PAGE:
Lydian b7 Mode

Photo by: Thomas Kelley

The “Lydian b7” scale is the 4th mode of the Melodic Minor Scale. Its name aptly describes what it is and what it sounds like. The Lydian Mode is of course the 4th mode of the Major Scale whereas the Lydian b7 Scale is the 4th mode of the Melodic Minor Scale. As you know, the Major Scale and the Melodic Minor Scale differ by one note. Lydian and Lydian b7 also differ by one note. In this case, the Lydian b7 Mode will have a flatted 7th (min7) and the Lydian Mode will have a major seventh (maj7).

The Lydian Mode will be used over a Maj7 type chords whereas the Lydian b7 Mode will be used over Dom7 type chords. When we think “Lydian” we thing of #11 and this is true in the case of both modes. The Lydian Mode suggest Ma7(#11) whereas the Lydian b7 Mode suggest Dom7(#11).

If you are already comfortable with the Lydian Mode, visualizing the Lydian b7 Mode as a Lydian Mode with flatted 7th is a good approach.

Here is the “C” Lydian b7 Mode.

The C Lydian b7 Mode is the 4th Mode of the G Melodic Minor Scale. G Melodic Minor is its parent scale. As we can see from the example below, they share the exact same notes.

There are numerous possibilities as to where this mode can be used. We will look at some of the most common places the Lydian b7 Mode can be applied. Our first example is for a IV Dominant chord. This is a very common chord found in many standards and jazz originals including: “If You Could See Me Now” and “The Days of Wine and Roses.”

Ex. 1 Imaj7 – IV7 – Imaj7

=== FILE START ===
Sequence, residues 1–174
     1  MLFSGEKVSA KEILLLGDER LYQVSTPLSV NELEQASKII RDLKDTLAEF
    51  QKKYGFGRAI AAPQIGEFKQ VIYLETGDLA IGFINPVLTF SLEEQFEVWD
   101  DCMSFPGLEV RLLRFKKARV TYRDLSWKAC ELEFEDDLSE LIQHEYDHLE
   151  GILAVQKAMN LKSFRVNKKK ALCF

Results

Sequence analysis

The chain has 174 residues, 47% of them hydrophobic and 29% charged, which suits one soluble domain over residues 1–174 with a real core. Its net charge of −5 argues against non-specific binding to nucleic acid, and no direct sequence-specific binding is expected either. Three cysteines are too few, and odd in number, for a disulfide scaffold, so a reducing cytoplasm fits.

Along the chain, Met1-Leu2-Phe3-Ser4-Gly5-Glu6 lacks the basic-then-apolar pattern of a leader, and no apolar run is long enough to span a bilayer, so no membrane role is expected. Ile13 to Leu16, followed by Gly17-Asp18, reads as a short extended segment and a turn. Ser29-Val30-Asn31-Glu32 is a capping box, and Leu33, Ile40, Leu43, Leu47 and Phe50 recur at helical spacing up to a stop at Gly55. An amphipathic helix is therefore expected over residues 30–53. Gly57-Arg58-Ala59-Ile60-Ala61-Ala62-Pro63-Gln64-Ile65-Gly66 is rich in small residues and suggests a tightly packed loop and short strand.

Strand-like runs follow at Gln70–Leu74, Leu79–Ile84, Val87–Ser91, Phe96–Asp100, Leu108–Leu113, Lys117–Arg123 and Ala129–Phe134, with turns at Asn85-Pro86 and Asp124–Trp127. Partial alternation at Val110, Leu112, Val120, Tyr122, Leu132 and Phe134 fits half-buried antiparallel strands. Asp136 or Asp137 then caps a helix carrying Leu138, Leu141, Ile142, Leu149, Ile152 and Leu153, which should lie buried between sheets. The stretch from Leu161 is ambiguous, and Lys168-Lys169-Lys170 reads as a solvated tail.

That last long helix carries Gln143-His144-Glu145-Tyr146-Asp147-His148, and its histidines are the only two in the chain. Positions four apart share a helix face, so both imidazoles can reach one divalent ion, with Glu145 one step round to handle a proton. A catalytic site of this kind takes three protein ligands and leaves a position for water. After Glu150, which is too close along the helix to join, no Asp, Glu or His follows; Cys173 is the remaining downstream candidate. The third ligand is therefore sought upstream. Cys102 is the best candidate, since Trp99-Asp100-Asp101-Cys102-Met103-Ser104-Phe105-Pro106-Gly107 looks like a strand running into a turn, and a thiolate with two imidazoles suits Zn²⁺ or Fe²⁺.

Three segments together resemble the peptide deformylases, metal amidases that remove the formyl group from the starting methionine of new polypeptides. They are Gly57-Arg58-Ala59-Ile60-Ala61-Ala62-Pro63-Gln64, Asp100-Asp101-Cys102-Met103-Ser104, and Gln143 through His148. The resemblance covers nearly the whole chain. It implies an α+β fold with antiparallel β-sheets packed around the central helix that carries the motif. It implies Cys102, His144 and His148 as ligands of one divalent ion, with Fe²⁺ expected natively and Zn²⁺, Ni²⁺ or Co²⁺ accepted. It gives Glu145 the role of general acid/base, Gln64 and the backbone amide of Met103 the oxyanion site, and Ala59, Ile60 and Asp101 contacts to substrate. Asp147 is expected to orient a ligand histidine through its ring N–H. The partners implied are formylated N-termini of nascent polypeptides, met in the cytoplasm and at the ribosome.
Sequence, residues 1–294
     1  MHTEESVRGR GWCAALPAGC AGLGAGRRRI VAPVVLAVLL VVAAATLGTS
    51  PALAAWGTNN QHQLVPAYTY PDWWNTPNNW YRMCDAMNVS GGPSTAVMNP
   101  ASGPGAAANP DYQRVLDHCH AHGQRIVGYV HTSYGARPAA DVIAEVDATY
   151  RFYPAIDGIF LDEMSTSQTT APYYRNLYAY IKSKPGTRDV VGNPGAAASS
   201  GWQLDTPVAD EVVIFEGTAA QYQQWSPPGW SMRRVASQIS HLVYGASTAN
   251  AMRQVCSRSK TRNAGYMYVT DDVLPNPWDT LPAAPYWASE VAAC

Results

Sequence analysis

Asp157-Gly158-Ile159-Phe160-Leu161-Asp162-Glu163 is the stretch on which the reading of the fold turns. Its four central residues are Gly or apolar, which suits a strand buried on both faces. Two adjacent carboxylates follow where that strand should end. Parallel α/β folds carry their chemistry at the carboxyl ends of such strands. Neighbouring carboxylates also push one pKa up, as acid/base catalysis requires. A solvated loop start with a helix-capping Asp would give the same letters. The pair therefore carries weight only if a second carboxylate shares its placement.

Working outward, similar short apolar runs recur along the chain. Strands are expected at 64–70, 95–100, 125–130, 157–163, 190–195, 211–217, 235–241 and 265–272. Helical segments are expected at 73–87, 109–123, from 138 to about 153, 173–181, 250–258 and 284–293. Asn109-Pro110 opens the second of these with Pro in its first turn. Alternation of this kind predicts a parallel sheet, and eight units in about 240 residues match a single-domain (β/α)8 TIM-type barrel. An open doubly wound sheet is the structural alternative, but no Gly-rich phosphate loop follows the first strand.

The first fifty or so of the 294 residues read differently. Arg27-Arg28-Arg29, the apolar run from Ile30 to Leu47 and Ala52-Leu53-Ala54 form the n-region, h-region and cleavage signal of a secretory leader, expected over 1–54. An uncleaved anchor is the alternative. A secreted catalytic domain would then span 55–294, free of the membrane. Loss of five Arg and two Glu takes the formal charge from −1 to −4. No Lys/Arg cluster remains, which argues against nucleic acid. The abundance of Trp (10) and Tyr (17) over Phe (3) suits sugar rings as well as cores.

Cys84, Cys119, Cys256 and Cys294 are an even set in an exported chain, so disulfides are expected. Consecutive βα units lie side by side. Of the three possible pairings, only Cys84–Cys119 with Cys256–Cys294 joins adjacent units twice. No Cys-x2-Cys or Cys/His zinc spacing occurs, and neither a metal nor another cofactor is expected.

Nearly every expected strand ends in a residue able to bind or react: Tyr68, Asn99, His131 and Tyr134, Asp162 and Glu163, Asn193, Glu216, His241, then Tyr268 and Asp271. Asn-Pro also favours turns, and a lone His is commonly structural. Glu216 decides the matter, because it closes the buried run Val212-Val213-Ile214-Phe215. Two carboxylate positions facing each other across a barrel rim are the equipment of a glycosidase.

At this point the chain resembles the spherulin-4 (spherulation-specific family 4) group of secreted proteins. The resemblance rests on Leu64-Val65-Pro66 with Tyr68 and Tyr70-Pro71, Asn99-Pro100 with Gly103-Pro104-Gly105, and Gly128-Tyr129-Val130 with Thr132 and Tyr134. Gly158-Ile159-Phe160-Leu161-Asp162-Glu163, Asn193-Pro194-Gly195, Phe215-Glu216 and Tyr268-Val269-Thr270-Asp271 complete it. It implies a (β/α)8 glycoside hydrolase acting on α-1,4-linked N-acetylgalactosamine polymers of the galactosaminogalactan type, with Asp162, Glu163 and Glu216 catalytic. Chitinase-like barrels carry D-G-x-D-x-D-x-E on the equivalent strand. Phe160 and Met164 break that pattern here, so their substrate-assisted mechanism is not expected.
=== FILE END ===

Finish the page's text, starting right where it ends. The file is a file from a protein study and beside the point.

In the example below, we have a Bb Major Scale for our I chord, an Eb Lydian b7 Mode for the IV Dominant chord and then back to Bb Major Scale. The Eb Lydian b7 Mode is the 4th Mode of the Bb Melodic Minor Scale. The C# note in the 4th bar is a chromatic passing tone and not part of either mode.


Audio Ex. 1

Another common place to use the Lydian b7 Mode is over a bVII Dominant chord. (bVII7)

Ex. 2 Imaj7 – bVII7 – Imaj7

In the example below we have Bb Major Scale for our I chord, an Ab Lydian b7 Mode for our Ab7 chord and we resolve back to our I chord using Bb Major Scale once again. The Ab Lydian b7 Mode is the 4th mode of the Eb Melodic Minor Scale.

Audio Ex. 2

Ex. 3 Imaj7 – II7 – II – V – I

Another nice place to use the Lydian b7 Mode is on a II Dominant chord. (II7) In the example below, we have G Major Scale for the I chord, an A Lydian b7 Mode for the II Dominant chord and then Dorian, Mixolydian (part of the 10 note scale) and Major Scale for the final II – V – I progression. The A Lydian b7 Mode is the 4th mode of the E Melodic Minor Scale.

Audio Ex. 3

Author: Michael Berard

Michael Berard was a part-time music professor for over 25 years at Concordia University in Montreal Canada. There he taught jazz guitar, jazz arranging, jazz composition as well as other jazz related courses. He has worked over the years as a jazz musician playing jazz clubs, concerts and studio sessions. Michael has played on numerous recordings including 3 of his own: "It's Autumn," "Little Voices" and "Good News." Michael is also the author of "Jazz Guitar Elements," a comprehensive jazz guitar method and "Jazz Reading Elements," a new jazz sight reading book geared towards jazz guitarists.